Stability
There have been two kernel updates in the last few days, which is now at kernel version 2.6.38.

After first installation, Alpha 2 was a little crashy. But updates over the last week appear to have stabilized it—no crashes for the last 2 days.

Comparison to Mandriva's Alphas
Bear in mind, I haven't looked at the latest Mandriva install updated from Cooker (their development repository). So, a week ago is the last snapshot I have of this emerging release. Mandriva is switching from RPM 4 to RPM 5. Last time I checked, rpmdrake, the GUI package manager was crash-prone. But the major difference I observe is desktop responsiveness under KDE.

I don't know whether the Mageia devs are stripping all debugging/delay code from their builds, but the desktop responsiveness from Mageia Linux is the best I've seen on this laptop, and has been noticable enough to make me prefer the emerging Mageia to the emerging Mandriva.

Conclusion
I go through a phase of intense distro-hopping about once a year. After trying out countless distros, I typically end up returning to Mandriva based releases. This last year, I've alternated between PCLinuxOS and Mandriva, using mostly PCLinusOS on my production machines.

I really like the way Mageia is shaping up. I plan to continue with Mageia on my laptop, which I'll be taking with me to the Northwest LinuxFest Conference in Bellingham, WA, at the end of April.

For an Alpha 2 release update to an imminent beta 1 release, it's becoming very stable. The repositories are getting deep, and the performance is remarkable.

Hats off to the Mageia folk. Keep up the good work.

More in Tux Machines

The top 10 rookie open source projects

Open source has become the industry's engine of innovation. This year, for example, growth in projects related to Docker containerization trumped every other rookie area -- and not coincidentally reflected the most exciting area of enterprise technology overall. At the very least, the projects described here provide a window on what the global open source developer community is thinking, which is fast becoming a good indicator of where we're headed. Read more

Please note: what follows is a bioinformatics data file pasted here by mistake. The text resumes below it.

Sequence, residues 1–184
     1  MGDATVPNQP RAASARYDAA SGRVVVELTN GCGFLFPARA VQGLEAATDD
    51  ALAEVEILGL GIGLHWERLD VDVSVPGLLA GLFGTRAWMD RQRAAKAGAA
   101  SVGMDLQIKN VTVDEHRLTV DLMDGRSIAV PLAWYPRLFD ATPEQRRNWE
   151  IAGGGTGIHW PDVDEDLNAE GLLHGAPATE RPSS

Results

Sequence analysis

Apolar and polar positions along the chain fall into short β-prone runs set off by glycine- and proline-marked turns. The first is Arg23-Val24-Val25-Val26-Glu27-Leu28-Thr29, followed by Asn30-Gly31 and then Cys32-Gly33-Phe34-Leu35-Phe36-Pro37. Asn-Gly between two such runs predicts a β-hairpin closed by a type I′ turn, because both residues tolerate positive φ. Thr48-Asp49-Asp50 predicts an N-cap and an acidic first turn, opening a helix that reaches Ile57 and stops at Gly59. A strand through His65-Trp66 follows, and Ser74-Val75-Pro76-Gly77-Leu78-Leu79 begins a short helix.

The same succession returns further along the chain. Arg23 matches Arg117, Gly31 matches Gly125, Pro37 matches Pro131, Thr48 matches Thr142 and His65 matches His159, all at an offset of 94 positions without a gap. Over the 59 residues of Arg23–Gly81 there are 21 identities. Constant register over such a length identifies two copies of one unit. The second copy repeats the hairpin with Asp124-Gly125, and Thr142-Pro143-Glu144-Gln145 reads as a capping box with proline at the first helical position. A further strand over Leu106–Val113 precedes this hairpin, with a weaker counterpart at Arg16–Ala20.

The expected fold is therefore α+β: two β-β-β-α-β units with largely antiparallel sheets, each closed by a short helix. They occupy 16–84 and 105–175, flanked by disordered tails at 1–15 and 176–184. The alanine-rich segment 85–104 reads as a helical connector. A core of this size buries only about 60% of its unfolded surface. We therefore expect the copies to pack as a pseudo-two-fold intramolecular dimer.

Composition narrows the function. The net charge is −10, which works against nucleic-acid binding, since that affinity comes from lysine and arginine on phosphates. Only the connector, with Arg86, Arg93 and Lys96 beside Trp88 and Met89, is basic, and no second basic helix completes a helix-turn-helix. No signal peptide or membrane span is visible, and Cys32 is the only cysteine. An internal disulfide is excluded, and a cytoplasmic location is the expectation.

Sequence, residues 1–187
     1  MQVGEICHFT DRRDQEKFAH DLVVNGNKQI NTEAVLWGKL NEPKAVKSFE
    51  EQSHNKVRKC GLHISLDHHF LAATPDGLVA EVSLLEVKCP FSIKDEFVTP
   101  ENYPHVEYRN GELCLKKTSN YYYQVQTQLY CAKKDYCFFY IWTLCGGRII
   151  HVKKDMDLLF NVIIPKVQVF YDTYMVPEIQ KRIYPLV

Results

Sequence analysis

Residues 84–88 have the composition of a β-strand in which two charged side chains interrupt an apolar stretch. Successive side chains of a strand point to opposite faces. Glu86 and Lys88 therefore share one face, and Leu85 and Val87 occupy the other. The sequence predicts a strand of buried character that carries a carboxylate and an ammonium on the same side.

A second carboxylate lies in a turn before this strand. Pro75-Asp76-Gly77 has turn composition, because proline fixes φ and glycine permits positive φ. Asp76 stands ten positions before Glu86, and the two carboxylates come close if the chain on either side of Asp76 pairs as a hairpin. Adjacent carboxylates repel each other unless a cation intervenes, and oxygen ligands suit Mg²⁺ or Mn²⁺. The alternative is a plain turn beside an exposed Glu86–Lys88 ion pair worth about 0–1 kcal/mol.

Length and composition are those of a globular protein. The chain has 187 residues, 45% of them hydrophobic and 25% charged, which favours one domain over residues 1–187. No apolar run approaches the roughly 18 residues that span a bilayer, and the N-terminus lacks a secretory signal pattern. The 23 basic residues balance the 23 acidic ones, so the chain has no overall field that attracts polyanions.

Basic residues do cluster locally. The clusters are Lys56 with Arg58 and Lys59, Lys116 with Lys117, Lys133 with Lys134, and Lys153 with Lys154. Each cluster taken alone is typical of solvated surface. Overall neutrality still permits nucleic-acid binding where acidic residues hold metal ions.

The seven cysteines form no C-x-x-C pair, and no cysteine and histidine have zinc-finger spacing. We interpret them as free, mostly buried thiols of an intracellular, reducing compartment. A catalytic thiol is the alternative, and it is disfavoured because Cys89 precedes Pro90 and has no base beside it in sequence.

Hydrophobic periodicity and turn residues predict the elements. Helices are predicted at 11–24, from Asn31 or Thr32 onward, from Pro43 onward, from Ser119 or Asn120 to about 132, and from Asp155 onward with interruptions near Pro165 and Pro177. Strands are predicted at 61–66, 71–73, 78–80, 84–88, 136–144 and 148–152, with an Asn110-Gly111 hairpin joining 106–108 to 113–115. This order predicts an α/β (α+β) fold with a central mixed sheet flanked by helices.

First thoughts on KaOS 2014.12

The latest snapshot of this rolling release distribution includes initial support for UEFI, the KDE 4.14 desktop, systemd version 218 and the Qupzilla web browser. I mention Qupzilla because I feel it is a rare gem in the open source world, a quick capable browser that perhaps does not get the attention it deserves. KaOS is available in just one edition, a 64-bit x86 build. The ISO we download for KaOS is 1.6GB in size. Read more

6 big changes coming to Fedora 22

Hold on to your (red) hats. Fedora 22, the next iteration of the "move fast and break things" version of Linux sponsored by Red Hat, is set to arrive on May 19. After the multiple editions introduced in the previous Fedora, what's in store this time? The answer lies with the proposals received by the Fedora Engineering and Steering Committee (FESCo), whose deadline for proposed changes passed last week. Here are some of the more notable and head-turning proposals for Fedora 22 that seem most likely to make it to the final product. Read more

Sorry, Windows 10 Fans, but This Is What Icons Should Look Like

The icon theme of an operating system has more importance than people might imagine. Microsoft has updated the icons for the latest Windows 10 preview and they actually look terrible and they lack consistency. We listed a few Linux ones for a better comparison. Read more